The pleurae are serous membranes that surround each lung: the parietal pleura lines the thoracic wall continuous with visceral pleura closely applied to the lung surface. At the hilum of each lung, the parietal and visceral pleurae are contiguous. The intrapleural space has sub-atmospheric pressure due to the inherent tendency of the chest wall to expand and the lung to collapse from elastic recoil.

Primary spontaneous pneumothorax seems to result from rupture of a subpleural bleb, usually in an upper lobe.7 These blebs are multiple and have increased wall tension allowing distention and eventual rupture. The mechanism of bleb formation remains unknown, but higher upper lobe transpulmonary pressure, local ischemia from decreased upper lobe blood flow, and subclinical emphysema-like changes have been postulated.37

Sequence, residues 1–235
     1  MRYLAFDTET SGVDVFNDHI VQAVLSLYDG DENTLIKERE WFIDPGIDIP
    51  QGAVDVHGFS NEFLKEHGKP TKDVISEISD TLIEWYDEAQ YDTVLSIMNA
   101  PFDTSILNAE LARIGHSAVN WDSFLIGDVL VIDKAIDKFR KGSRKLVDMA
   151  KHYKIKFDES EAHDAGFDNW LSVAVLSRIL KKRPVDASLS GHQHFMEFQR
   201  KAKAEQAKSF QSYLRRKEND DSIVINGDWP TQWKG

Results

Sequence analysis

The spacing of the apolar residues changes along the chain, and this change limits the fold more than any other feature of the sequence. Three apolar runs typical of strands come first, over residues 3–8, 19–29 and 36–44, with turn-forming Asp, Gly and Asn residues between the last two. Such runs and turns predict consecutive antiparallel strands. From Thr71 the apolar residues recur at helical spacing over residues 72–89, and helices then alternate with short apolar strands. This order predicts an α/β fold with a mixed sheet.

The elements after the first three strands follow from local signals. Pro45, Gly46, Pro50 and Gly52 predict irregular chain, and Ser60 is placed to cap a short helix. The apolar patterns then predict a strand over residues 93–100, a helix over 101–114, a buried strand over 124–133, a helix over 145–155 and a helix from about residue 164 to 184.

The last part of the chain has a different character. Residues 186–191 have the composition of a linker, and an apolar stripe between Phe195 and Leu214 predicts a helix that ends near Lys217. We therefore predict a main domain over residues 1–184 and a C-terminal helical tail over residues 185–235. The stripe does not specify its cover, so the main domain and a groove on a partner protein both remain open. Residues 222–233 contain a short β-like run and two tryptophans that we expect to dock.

Chronic obstructive pulmonary disease (COPD) accounts for most cases of secondary spontaneous pneumothorax.4 Other causes include cystic fibrosis, pulmonary infections, interstitial lung disease, AIDS, neoplasms, and drug use. Pneumothorax occurs in 5 percent of AIDS patients, is associated with subpleural necrosis from Pneumocystis infection, and carries a high mortality.8 Because of necrosis of lung tissue and continued air leak, simple aspiration and nondrainage techniques fail in this group of patients.8

Once there is a break in the pleura, air travels down a pressure gradient into the intrapleural space until pressure equilibrium occurs with partial or total lung collapse.9 Altered ventilation perfusion relationships and decreased vital capacity then contribute to dyspnea and hypoxemia.

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